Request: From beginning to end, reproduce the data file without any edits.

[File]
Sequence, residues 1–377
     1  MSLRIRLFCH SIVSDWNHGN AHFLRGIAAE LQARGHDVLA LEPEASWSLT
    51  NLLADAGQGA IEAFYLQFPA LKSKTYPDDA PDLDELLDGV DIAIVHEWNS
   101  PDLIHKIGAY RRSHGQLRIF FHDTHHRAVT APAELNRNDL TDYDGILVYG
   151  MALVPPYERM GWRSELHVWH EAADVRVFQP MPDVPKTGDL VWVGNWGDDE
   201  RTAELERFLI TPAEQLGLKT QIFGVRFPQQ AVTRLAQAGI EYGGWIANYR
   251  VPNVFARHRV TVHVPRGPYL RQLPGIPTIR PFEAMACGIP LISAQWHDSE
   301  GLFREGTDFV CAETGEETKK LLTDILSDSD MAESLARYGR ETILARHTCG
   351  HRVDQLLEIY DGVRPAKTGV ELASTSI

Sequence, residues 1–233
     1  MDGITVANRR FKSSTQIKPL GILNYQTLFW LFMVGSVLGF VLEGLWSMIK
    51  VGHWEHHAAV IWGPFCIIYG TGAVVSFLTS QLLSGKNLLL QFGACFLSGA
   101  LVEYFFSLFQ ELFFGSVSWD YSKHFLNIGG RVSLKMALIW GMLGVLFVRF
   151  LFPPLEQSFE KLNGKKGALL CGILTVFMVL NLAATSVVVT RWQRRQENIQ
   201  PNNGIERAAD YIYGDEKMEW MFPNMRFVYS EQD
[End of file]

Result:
Sequence, residues 1–377
     1  MSLRIRLFCH SIVSDWNHGN AHFLRGIAAE LQARGHDVLA LEPEASWSLT
    51  NLLADAGQGA IEAFYLQFPA LKSKTYPDDA PDLDELLDGV DIAIVHEWNS
   101  PDLIHKIGAY RRSHGQLRIF FHDTHHRAVT APAELNRNDL TDYDGILVYG
   151  MALVPPYERM GWRSELHVWH EAADVRVFQP MPDVPKTGDL VWVGNWGDDE
   201  RTAELERFLI TPAEQLGLKT QIFGVRFPQQ AVTRLAQAGI EYGGWIANYR
   251  VPNVFARHRV TVHVPRGPYL RQLPGIPTIR PFEAMACGIP LISAQWHDSE
   301  GLFREGTDFV CAETGEETKK LLTDILSDSD MAESLARYGR ETILARHTCG
   351  HRVDQLLEIY DGVRPAKTGV ELASTSI

Sequence, residues 1–233
     1  MDGITVANRR FKSSTQIKPL GILNYQTLFW LFMVGSVLGF VLEGLWSMIK
    51  VGHWEHHAAV IWGPFCIIYG TGAVVSFLTS QLLSGKNLLL QFGACFLSGA
   101  LVEYFFSLFQ ELFFGSVSWD YSKHFLNIGG RVSLKMALIW GMLGVLFVRF
   151  LFPPLEQSFE KLNGKKGALL CGILTVFMVL NLAATSVVVT RWQRRQENIQ
   201  PNNGIERAAD YIYGDEKMEW MFPNMRFVYS EQD